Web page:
Last week the 27th birthday of the World Wide Web quietly passed without a fuss or much of a fanfare. The silver anniversary got much more attention and rightly so. It was in March 1989 when Sir Tim Berners-Lee, then working at CERN, proposed a new way of sharing information over the Internet which at that time was a loose group of documents and networks that were primarily used by government defence departments. The result of Berners-Lee’s proposal was the world’s first website and it was that monochrome site that provided instructions to others on the basic features of the web and how you could setup your own server so that users could browse your documents online.
It was in April 1993 when CERN published the source code for the hypertext project into the public domain and made the World Wide Web free for all to use, that standard still remains today. The move had an unprecedented impact on the Internet as it was then with only one per cent of traffic being used for the web. The rapid growth from that point is not something anyone could have imagined. Fast forward to 2016 and Netcraft recently reported that there are now over one billion websites active on the Internet – an absolutely staggering amount.
That growth is as impressive as are the mind boggling numbers we see with Internet use today. There are 500 million tweets per day over 70 million Instagram posts and ecommerce revenue continues to climb. But it’s not those figures that caught my attention last week it was the fact the world’s first website got a new address and as far as I could tell no one noticed when discussing it online.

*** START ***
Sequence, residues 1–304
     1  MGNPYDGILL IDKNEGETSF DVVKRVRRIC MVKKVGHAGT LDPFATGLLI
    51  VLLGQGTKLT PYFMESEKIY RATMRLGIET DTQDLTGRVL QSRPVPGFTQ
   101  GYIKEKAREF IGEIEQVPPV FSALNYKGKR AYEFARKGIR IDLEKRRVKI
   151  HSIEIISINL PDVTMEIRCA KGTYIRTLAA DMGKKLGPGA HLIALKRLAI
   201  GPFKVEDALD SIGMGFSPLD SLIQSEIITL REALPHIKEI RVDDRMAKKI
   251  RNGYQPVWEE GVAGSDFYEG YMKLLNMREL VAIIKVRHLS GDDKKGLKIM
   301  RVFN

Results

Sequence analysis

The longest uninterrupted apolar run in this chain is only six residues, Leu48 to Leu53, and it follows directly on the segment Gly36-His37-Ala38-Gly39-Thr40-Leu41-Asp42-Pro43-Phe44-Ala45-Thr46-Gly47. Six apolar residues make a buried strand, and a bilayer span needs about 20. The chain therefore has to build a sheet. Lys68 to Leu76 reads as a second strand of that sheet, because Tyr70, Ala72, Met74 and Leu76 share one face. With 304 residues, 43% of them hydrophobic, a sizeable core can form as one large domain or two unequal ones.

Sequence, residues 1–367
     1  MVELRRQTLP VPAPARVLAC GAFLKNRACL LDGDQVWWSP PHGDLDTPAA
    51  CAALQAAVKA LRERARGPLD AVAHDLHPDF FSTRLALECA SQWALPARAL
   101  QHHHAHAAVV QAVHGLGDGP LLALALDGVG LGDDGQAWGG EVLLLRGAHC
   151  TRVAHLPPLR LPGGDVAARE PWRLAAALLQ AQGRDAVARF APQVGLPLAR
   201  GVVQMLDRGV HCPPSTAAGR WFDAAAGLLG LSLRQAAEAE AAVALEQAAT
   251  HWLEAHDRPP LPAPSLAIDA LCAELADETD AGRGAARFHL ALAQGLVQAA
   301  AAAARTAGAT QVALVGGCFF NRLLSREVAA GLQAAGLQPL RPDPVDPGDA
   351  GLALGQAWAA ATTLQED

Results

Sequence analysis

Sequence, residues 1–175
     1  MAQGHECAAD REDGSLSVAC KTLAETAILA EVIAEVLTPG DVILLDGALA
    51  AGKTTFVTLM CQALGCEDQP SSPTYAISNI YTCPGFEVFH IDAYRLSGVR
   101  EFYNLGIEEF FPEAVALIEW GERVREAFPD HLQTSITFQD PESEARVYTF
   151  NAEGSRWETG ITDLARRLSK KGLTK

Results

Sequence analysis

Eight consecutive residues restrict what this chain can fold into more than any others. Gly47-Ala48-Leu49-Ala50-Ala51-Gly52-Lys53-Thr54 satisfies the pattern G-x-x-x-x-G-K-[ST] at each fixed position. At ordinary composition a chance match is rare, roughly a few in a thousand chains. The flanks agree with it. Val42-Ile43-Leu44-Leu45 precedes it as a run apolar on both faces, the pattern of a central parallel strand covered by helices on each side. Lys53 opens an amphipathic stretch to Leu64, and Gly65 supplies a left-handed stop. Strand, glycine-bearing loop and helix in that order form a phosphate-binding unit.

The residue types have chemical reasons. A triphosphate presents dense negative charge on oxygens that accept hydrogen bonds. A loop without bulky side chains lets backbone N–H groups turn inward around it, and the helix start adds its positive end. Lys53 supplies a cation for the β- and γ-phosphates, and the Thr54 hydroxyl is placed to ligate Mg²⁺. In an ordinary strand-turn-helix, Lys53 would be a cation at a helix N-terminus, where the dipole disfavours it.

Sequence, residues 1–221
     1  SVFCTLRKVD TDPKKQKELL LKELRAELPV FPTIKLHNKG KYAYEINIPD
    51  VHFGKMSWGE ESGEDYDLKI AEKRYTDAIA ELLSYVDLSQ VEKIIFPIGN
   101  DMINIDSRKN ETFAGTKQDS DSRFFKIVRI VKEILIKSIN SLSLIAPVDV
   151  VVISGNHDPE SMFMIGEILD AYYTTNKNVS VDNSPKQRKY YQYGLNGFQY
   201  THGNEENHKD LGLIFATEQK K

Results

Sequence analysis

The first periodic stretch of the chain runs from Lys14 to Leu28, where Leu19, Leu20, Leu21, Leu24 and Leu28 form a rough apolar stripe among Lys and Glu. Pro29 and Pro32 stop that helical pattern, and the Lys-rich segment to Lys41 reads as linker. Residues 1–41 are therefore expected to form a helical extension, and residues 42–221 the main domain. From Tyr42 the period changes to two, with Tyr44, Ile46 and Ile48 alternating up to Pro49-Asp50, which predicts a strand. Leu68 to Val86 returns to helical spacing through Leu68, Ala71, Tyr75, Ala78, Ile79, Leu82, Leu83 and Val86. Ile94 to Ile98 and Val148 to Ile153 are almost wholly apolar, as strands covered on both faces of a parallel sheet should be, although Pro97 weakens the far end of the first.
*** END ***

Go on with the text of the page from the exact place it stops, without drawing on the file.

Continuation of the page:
CERN recently transitioned over to their own Top Level Domain dotCERN and visitors now arrive at the easily understandable address of home.cern. In fact the address looks and sounds so natural that users appear to have adopted the change without even knowing it has really happened. CERN’s new home continues to climb in the global website ranking and is in the top 100 thousand sites online. What’s more important is that users are linking to http://home.cern/topics/birth-web without even questioning what this new web address is. That’s great news for dotBRAND registries and users of new gTLDs.
Adoption is one of the big issues holding many dotBRAND owners back but just as with the use of the first website it’s not long before this move will begin to spread to others. NetNames clients such as Barclays, Sandvik, Monash, Saxo Bank and CERN are spearheading this next evolution of online addressing. It’s not be the big bang many expected but these small changes appear to resonate with users without causing confusion.
I just wonder how we will view dotBRANDs come the next anniversary of the birth of the World Wide Web and whether once again we will point to CERN as the pioneer of this latest change. It certainly feels as if we’ve come full circle.